The Ottawa Senators avoided salary arbitration with forward Mike Hoffman on Wednesday morning, signing him to a new four-year contract worth $20.75 million, and ending speculation that the team might trade one of its top offensive weapons. The Senators announced the deal on their team website.
Sportsnet.ca reported that the deal will count as $5.1875 million against the salary cap through 2020, making him the Senators’ fourth-highest paid player. Hoffman played the previous season under an arbitration-fueled deal worth $2 million, and the Senators would have either had to go to arbitration again with the 26-year-old forward or trade his rights had a deal not been completed before August 4.
Mike Hoffman has been the Senators’ top goal scorer in each of the past two seasons, netting a career-high 29 in 2015-16, but came under fire from former coach Dave Cameron for a perceived reluctance to play consistently on the defensive side of the ice. The frosty relationship between coach and player led to Hoffman being dropped from the Senators’ top line late in games, a move that drew ire around Canada’s national capital and was a factor in Cameron losing his job.
The new contract confirms that Hoffman will be reunited with his former juniors coach Guy Boucher, who replaced Cameron behind the Senators’ bench on May 8. The signing means that Ottawa now has its three leading scorers from the 2015-16 campaign under contract through at least 2018, as Hoffman joins forward Mark Stone and defenseman Erik Karlsson. All three players are 26 or younger and combined for 202 points last season, giving the Senators a solid and efficient nucleus for their attack.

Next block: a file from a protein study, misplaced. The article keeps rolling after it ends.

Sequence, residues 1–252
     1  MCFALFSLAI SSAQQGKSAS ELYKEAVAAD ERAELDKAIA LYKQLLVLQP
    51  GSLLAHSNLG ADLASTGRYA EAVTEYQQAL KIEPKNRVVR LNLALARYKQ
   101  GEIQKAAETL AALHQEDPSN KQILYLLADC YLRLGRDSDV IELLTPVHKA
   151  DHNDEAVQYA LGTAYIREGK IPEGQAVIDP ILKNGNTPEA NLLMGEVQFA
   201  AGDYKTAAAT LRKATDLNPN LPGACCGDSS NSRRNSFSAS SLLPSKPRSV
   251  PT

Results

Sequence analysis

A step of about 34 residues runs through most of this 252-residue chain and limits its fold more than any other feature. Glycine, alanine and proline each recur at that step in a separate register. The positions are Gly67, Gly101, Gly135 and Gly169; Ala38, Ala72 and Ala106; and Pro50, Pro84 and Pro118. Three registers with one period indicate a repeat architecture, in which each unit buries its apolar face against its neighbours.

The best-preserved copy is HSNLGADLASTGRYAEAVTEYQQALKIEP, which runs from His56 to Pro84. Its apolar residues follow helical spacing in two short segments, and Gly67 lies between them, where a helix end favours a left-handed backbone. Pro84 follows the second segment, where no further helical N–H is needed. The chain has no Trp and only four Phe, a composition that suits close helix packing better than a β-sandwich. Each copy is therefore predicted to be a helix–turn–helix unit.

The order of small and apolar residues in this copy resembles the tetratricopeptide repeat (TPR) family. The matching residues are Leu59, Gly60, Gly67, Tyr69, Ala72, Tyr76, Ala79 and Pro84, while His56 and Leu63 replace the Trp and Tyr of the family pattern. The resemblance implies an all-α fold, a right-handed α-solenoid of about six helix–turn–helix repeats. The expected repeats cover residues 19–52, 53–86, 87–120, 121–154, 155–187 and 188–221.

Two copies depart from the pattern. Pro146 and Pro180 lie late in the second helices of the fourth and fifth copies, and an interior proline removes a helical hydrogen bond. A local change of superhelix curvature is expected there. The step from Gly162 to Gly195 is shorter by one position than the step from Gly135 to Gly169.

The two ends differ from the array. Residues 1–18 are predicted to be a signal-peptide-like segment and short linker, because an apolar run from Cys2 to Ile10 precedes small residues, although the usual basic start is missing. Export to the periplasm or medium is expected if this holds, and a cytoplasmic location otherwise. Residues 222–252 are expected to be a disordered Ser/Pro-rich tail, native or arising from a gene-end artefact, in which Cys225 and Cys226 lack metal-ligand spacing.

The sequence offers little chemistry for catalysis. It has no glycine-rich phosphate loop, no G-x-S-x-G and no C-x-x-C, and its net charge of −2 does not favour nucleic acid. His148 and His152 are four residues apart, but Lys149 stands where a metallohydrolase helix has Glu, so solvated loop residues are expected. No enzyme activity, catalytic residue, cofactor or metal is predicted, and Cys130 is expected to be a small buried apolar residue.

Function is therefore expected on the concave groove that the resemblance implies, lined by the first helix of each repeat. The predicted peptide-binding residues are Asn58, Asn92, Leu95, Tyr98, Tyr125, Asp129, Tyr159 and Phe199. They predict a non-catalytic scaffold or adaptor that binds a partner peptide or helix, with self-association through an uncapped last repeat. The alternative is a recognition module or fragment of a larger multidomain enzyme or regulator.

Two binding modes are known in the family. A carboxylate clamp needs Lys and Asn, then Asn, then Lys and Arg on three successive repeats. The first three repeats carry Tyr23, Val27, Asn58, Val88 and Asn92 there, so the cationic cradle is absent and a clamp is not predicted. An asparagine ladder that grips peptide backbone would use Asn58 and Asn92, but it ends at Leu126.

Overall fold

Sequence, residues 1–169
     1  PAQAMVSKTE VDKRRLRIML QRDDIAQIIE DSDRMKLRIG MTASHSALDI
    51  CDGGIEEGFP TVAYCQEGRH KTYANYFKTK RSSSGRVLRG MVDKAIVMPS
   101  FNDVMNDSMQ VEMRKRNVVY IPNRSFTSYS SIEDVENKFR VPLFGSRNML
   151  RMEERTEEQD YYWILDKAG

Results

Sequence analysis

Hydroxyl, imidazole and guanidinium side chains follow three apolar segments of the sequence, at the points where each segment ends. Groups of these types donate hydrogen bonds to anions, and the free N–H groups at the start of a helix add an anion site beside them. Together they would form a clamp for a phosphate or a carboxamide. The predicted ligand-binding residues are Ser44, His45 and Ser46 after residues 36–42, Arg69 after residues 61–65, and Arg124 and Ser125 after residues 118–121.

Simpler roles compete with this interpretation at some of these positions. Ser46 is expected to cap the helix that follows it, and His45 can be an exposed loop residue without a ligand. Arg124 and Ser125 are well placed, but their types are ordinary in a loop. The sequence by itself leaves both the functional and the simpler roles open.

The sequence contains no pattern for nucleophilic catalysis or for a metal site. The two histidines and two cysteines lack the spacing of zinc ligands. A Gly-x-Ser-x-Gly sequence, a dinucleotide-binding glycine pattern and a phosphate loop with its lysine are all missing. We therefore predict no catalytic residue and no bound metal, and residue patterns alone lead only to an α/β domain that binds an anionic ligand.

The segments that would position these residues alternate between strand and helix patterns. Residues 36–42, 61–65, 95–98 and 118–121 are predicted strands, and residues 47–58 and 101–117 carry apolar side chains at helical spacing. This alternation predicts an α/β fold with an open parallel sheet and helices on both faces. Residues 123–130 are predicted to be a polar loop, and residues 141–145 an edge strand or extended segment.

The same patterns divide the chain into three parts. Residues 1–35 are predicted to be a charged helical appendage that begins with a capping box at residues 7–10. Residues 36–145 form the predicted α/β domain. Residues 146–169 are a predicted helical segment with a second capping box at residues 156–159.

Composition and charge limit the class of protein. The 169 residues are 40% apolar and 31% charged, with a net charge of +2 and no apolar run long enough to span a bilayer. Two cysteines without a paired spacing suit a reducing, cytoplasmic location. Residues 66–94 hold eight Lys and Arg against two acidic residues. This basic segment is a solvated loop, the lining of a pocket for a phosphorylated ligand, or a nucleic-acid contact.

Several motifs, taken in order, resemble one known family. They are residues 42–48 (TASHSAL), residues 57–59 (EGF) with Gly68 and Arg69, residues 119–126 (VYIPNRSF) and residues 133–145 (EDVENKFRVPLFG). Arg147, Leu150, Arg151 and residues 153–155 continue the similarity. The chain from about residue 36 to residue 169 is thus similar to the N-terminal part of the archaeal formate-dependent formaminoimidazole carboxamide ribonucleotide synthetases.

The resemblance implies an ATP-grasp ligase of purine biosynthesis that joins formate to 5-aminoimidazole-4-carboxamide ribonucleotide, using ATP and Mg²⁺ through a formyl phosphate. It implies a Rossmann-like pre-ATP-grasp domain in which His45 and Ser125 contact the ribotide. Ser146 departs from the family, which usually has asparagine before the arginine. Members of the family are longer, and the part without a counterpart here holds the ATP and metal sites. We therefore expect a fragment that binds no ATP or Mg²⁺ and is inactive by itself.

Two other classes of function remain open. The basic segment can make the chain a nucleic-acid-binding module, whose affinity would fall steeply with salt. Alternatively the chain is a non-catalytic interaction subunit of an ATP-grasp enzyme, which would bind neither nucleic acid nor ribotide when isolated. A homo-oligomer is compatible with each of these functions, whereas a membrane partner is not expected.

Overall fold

But an efficient attack has not been the problem in Ottawa, which has missed the playoffs in each of the past two seasons. In fact, the Senators had one of the most efficient attacks in the league last year, finishing seventh in goals scored despite averaging 28.4 shots a game, the fourth-fewest in the league.
The Senators’ biggest problem under both Cameron and his predecessor Paul MacLean has been the number of shots on goal they’ve allowed to opponents. Last season, Ottawa conceded a league-worst 32.8 shots per game, leading it to surrender 247 goals, ahead of only Columbus and Calgary. Despite spending most of the season on one of the Senators’ top scoring lines with Stone and Kyle Turris, Hoffman ended the year with a plus-minus rating of just plus-1, leading to criticism for perceived defensive lapses that led to too many goals conceded.
That has been the lone criticism in Hoffman’s play during his time in Ottawa, as he has scored 56 goals in two full NHL seasons. With his new contract and the recent addition of 27-goal scorer Derick Brassard, the Senators are banking that a high-powered offense and a new coaching staff will bring the postseason back to Ottawa.
Are the Senators heading in the right direction here by keeping Mike Hoffman around? Do two productive scoring seasons justify his new salary? Are the recent moves likely to make Ottawa a contender again, or are their defensive liabilities still too glaring? Sound off in the comments!
Commentary by Dan Angell